One of the biggest risks that small business owners and start-ups take when developing a new program or service is not properly testing for demand. While you may think you have an idea that will be an easy sell, without proper testing you may find no buyers when you take your idea to market.
Using Google to test online demand for your product is a great way to limit your downside risk by spending a few marketing dollars up front to determine whether you are meeting a need. This post will show you how you can use your AdWords account to test and analyze online demand for your products or services.
What is Google AdWords?
In short, AdWords are the little ads that show on top and beside the organic search results on Google. When placing these ads you will have control over keyword selection, ad text, and how much you are willing to pay for each click. Typically advertisers use AdWords for directly advertising a service or product that is currently for offer. For example, I use AdWords to bring potential clients to my website for account management and training services.
An Alternate Use for Google AdWords.
Google advertises their AdWords program as a way to bring traffic to an organization’s website by matching a user’s search query with relevant advertisements aimed at meeting the user’s needs. They are incredibly successful at doing so, and this is primarily how Google makes money.
Because Google is an active search tool that people use when seeking information or products, you will be able to quickly test if there is demand for your new product or service. This is different than using social media or other passive methods that broadcast information to users when they are probably not in the search/buying mode. While that is great for awareness, it doesn’t help you with testing.
How to Test For Product Demand
Set up a regular ad campaign in your Google AdWords Account.
Choose keywords that users would use to find the product or service you will be testing. Try different variables and be fairly broad so that you capture any potential searchers.
Write text for your ads highlight the benefits of your new product. Showcase the main benefit of your product and explicitly mention how it is going to help the buyer. Poorly written ads can negatively skew results and keep people from clicking through to your site even if they would be interested otherwise.
Be Very Geographically Specific
Only run ads in the areas that you are making the product or service available. Failing to limit the campaign to a local or regional area may skew your results and show an inaccurate level of demand.
Choose Your Budget
Testing should be thorough but affordable. You’ll need to set the maximum cost per click you are willing to spend as well as your daily budget. Not setting these properly could cause you to burn through your test budget too quickly.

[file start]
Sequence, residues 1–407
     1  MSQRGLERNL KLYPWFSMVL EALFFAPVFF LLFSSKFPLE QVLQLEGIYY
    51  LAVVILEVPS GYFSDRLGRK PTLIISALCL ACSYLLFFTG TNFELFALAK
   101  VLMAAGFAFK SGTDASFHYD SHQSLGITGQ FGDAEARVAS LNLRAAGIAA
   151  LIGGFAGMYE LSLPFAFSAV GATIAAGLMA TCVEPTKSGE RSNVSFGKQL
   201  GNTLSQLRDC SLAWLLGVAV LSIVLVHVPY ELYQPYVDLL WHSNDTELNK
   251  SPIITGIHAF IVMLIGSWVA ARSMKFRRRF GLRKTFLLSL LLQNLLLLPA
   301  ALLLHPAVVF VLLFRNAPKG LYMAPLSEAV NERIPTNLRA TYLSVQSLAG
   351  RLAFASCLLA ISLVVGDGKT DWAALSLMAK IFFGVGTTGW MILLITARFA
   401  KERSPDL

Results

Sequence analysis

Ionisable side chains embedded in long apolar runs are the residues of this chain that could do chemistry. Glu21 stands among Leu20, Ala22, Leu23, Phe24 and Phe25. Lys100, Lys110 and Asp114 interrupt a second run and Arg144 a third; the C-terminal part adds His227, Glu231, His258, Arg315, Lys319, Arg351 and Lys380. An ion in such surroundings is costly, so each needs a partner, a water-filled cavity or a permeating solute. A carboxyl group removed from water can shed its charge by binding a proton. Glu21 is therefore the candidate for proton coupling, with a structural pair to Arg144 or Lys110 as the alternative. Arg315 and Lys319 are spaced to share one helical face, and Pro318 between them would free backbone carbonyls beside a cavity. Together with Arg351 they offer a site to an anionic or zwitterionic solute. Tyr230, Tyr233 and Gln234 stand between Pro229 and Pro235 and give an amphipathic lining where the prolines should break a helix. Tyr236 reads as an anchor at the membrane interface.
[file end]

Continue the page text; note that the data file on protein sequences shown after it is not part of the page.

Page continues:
Set Up A Landing Page
Since your product won’t be ready for market, set up a page with some info on the product you are planning on launching. If applicable, use an email capture form so you can gather email addresses of interested buyers. At the same time, give them an incentive to sign up –sneak peeks, early updates, or first access to your product is a great incentive to get an email address.
Look At the Results
If you find that there is a steady stream of traffic responding to your ads you will know that there is a market and demand for the product or service you are developing. Try to capture email addresses so that you can contact these interested parties when you are ready to launch.
On the other hand, if no one is responding to your ads you may decide that the challenge in finding buyers may outweigh the potential for your product. Tweak your ads, study your keywords, but if you aren’t finding demand through online advertising now you probably won’t find it after the product is launched.
3 Potential Downfalls
There are a few mistakes that can be made that should be avoided when testing:
1) Failing to segment the testing campaign:
If you are using AdWords for products and services that you currently offer, don’t run ads that you are using for testing with other campaigns – set up a new campaign titled ‘testing’ or ‘experiments’ so you can clearly differentiate this campaign
2) Duplicating keywords from current Ad Groups:
Try not to use the same keywords that you have in other campaigns. If competing, Google will decide which ads to show and you may be pulling impressions away from vital ads.
3) Not running thorough tests:
While it may be tempting to jump to conclusions after a handful of clicks, I recommend letting the ads run for at least a few hundred clicks so you properly determine demand.
Google is a great testing tool for people that are willing to take the time to learn to use AdWords and experiment with the results. Take the time to try new things. If a test fails, you can always delete the campaign and move on. For best results, try to set some time in your calendar to actively manage your account.
For help with setting up an AdWords account and running these tests contact us.